The other part of it is that my wife and I are avid sailors. Even though we live in Colorado we’re from the East Coast, and we have two sail boats and have been sailing for a long time. We really wanted something that blended our passions together, so the taproom is going to have a New England-style nautical theme.

The Verrier family incorporated their love for sailing into the company name

Why did you choose Quincy Place Shopping Center for your location?

Verrier: It’s funny because we have been going to that center for years. The fast casual restaurants there are kind of a staple in our household (Chipotle, Noodles & Company) and it’s a very busy plaza. It could be the middle of the day on a Monday and it’s very busy, the parking lot is never empty. That was a big driver for us. The fast casual restaurants that I mentioned are also very important to us because we’re not going to be serving food initially. We’re hoping that the existing tenants in the plaza, especially the fast casual restaurants, are really going to embrace us and want to work with us, because we see ourselves as very complementary to those businesses.

What are your plans for the space?

Verrier: We’re taking over a smaller space which used to be a comic book store, and combining it with a larger space that used to be a women’s clothing store, and doing a complete renovation of both. We also have access to a beautiful courtyard, which we plan on using and decorating. Our taproom is going have accommodations for up to 56 people, and then the patio area will accommodate another 46. We’re going to have really nice roll-up glass garage doors, so that we can open up the entire taproom to the patio area.

The Pilothouse Brewing team prepares barrels at Quincy Place for its grand opening

Who do you think your typical customer is going to be?

Verrier: Though a typical customer at a brewery taproom is someone in their mid-20s to maybe mid-30s, what we’re trying to do with our brewery is be very family-friendly. Our amateur brewers are going to be with us for five to six hours on their brew day, which will be a Saturday or Sunday, and we’re hoping that they bring their families. We’re going to have board games and a popcorn machine, and we will sell some limited food and nonalcoholic beverages in the taproom. All of our tables will also be normal height, as opposed to the high-tops you find at most breweries, to better accommodate children and strollers.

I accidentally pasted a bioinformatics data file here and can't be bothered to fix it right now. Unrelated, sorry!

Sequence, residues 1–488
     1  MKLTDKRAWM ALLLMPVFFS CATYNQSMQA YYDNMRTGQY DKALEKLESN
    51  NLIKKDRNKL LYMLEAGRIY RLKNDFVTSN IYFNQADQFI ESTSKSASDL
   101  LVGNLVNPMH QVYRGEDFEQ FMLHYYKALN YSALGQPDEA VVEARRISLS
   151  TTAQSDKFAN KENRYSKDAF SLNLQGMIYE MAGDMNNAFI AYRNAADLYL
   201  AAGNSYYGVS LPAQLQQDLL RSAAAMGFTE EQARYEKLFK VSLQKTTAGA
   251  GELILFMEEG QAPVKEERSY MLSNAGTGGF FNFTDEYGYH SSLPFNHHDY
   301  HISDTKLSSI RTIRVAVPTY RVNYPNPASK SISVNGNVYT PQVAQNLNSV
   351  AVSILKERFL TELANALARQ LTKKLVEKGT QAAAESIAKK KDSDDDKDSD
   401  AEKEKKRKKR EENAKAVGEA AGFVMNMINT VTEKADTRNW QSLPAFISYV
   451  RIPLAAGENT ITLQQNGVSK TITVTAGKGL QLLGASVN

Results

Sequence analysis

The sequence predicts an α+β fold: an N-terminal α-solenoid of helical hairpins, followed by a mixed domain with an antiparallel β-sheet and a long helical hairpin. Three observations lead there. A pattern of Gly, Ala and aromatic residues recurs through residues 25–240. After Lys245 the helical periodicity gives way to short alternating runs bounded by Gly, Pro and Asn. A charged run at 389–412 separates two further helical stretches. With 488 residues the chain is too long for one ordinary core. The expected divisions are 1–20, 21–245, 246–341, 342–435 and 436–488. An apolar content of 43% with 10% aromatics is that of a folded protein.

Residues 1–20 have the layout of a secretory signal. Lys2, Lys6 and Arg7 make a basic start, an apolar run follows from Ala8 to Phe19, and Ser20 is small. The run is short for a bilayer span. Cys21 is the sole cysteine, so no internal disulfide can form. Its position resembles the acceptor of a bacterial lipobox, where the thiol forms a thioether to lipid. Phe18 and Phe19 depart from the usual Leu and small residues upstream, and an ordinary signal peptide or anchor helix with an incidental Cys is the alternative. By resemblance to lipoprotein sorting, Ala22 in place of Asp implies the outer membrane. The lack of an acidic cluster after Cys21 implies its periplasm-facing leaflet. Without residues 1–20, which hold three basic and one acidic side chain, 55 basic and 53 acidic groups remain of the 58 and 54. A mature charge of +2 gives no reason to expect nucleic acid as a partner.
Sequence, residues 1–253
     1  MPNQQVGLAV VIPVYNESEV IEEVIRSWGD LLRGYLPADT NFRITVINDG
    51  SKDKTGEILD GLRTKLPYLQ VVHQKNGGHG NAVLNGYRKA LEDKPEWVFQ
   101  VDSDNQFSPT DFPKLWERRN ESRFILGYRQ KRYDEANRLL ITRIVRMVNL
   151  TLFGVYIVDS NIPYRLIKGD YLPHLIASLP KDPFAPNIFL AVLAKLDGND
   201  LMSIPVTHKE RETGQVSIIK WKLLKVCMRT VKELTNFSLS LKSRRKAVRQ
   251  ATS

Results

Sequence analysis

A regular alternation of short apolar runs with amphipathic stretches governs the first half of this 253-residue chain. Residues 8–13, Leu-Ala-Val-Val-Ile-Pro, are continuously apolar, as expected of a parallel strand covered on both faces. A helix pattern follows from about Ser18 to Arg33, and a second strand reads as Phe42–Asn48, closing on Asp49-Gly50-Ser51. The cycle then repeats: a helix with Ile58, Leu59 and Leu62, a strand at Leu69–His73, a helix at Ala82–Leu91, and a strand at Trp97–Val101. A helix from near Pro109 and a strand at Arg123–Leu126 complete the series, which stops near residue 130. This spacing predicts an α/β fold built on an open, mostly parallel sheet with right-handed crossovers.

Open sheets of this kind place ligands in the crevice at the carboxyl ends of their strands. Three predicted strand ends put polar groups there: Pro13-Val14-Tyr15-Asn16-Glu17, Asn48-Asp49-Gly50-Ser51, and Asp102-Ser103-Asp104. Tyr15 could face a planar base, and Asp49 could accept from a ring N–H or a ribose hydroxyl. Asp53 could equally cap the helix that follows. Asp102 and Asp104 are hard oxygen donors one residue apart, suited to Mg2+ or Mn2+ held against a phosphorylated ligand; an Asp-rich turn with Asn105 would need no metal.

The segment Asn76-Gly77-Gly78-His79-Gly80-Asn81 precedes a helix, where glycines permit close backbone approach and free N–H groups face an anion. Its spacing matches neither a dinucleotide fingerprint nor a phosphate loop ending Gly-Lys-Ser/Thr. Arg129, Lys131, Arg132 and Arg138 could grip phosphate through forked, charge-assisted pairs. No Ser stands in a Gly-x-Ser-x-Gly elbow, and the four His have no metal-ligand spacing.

We’re really hoping that the amateur brewing community is going to embrace this concept, because this brewery is for them. It’s for them and their families and their friends, and so we’re looking forward to their help in making Pilothouse a very successful new venture.

A sampling of Pilothouse’s beers

How will you be promoting Pilothouse?

Verrier: We’ve got a pretty hefty marketing budget, so we’re going to do not just social media but also traditional advertising. Of course, part of our budget is going to be dedicated toward family friendly events as well.

What advice do you have for other small business owners getting ready to open their first storefront?

Verrier: An old friend of mine who was in the marines said they have a saying and it goes something like “proper planning prevents poor performance.” I think when you’re opening a brand new business, it’s all about the planning. I really can’t stress that enough. My wife and I have a leg up in this area because we’re both certified public accountants (CPAs), so we have a very robust financial model, probably more so than the typical small business owner. But you have to dot your i’s and cross your t’s and consider everything from the operational side, to marketing and advertising and getting the word out.

Interested in hearing more about Pilothouse Brewing Company? Check back in 2018 for more on the brewery’s grand opening!

This has been an installment of StoreFront, an interview series with leaders of successful retail businesses. For more interviews, visit the StoreFront page. To learn how you can be featured, email us. We’d love to hear from you.

  • CATEGORY: Storefront
  • DATE: Tuesday, November 14, 2017